Deutsche Bank's relatively reliable mainframe infrastructure utilized COBOL and JCL languages running DB2 and VSAM flat-file databases for a variety of their key financial applications. The company’s leadership knew they would need to be cloud-enabled with a modern architecture to stay relevant for its customers and ongoing market needs. Following a successful proof of concept against other well-known industry soluitons, TSRI emerged as the best solution (highest quality output and most advanced architecture) for the full modernization effort of Deutsche Bank’s internal KreditManager application. An application which gives the company’s employees all of the tools they need to handle all of the company’s loan, credit and mortgage applications.

Customer: Deutsche Bank

Source & Target Language: COBOL & JCL to Java & Python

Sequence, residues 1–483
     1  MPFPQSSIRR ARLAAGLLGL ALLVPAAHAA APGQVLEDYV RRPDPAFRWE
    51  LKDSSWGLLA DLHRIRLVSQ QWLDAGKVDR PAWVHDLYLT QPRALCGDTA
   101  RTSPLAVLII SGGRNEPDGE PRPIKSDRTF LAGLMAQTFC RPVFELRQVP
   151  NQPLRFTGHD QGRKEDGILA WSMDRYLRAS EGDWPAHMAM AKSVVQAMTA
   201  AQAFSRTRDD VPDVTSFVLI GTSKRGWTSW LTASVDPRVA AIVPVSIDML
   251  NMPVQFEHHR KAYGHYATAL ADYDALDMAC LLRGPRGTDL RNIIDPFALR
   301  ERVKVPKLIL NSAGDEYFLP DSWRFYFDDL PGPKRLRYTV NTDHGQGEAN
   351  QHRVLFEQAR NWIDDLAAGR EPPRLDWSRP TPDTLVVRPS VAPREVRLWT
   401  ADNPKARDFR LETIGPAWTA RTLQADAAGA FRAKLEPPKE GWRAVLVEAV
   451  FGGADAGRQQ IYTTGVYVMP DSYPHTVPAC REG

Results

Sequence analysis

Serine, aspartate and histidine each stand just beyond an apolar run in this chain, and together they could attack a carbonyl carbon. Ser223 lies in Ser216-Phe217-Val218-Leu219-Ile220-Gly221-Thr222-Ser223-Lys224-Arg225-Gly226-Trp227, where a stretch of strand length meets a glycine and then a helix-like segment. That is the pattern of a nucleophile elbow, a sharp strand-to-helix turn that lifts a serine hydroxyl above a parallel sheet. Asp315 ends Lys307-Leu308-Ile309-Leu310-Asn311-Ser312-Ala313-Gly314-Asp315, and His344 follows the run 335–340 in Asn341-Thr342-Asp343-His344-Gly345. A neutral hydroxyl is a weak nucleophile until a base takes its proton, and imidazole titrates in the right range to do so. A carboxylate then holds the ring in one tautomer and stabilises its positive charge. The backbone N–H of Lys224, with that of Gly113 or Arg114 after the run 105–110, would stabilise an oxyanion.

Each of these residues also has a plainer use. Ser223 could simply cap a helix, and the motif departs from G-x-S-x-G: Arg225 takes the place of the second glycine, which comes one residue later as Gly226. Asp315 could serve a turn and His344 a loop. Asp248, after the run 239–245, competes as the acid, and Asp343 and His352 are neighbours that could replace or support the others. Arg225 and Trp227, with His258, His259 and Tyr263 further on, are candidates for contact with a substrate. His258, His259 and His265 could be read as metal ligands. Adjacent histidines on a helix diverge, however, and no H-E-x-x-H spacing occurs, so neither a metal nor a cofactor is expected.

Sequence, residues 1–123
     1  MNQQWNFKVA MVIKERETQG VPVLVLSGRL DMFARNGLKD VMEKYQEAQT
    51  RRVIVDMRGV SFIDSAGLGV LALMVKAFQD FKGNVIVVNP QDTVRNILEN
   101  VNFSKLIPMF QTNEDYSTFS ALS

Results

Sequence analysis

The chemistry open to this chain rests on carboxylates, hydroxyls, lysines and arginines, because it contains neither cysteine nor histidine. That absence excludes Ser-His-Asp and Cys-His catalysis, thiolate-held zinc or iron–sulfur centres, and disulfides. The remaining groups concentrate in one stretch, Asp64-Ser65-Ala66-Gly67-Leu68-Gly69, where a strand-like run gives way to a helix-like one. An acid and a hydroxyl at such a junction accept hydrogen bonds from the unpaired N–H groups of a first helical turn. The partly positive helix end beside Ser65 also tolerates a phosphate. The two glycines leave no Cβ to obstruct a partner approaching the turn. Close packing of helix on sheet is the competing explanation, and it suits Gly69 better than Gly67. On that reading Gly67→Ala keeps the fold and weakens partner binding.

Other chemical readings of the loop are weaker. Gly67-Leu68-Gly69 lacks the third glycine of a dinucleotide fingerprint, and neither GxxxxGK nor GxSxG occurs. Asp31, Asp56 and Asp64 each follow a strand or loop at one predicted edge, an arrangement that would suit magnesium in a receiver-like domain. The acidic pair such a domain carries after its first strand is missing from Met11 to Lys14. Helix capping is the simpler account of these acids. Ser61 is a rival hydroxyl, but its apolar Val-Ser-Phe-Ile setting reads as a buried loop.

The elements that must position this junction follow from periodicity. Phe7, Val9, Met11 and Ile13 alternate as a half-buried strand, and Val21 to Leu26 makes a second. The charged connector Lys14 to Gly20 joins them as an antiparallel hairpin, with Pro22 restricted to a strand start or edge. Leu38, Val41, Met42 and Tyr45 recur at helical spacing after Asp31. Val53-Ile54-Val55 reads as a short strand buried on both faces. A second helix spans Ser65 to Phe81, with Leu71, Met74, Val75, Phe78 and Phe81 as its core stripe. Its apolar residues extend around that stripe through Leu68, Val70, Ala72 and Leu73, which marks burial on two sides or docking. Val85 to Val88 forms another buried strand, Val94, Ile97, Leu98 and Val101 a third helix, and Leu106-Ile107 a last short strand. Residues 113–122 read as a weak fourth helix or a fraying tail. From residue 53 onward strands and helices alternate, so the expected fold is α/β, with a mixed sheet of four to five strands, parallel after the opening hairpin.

Lines of Code: 397,222 (383,358 - COBOL, 13,864 - JCL)

Duration:  12 Months

Services: Automated Code Transformation, Automated Refactoring, Integration and Testing Support, SonarQube Quality Refactoring, Code-Specific Adaptation, Database Migration, Transformation Blueprint®, Application "As-Is" Blueprint®

 

 

Published in Case-Studies

The U.S. Air Force uses the Integrated Logistics System – Supply (ILS-S), of which the Standard Base Supply System (SBSS) is a major part, as a mainstay of their supply chain. The SBSS program includes over 1.5 million lines of COBOL, as well as smaller numbers of C and Assembly, all of which are to be transformed into Java. 

  • Customer & Integrator: US Air Force
  • Source & Target Language: COBOL to Java
  • Lines of Code: 1.5 million
  • Duration:  11 months
  •  
Published in Abridged Case Studies

No change in business logic.
Reduction in overhead costs. 
Continuous development during and after migration.

These are a few modernization concepts that Scott Pickett, TSRI’s Vice President of Product Operations and Service Delivery, discussed on his recent appearance on Amazon Web Services’ APN TV channel.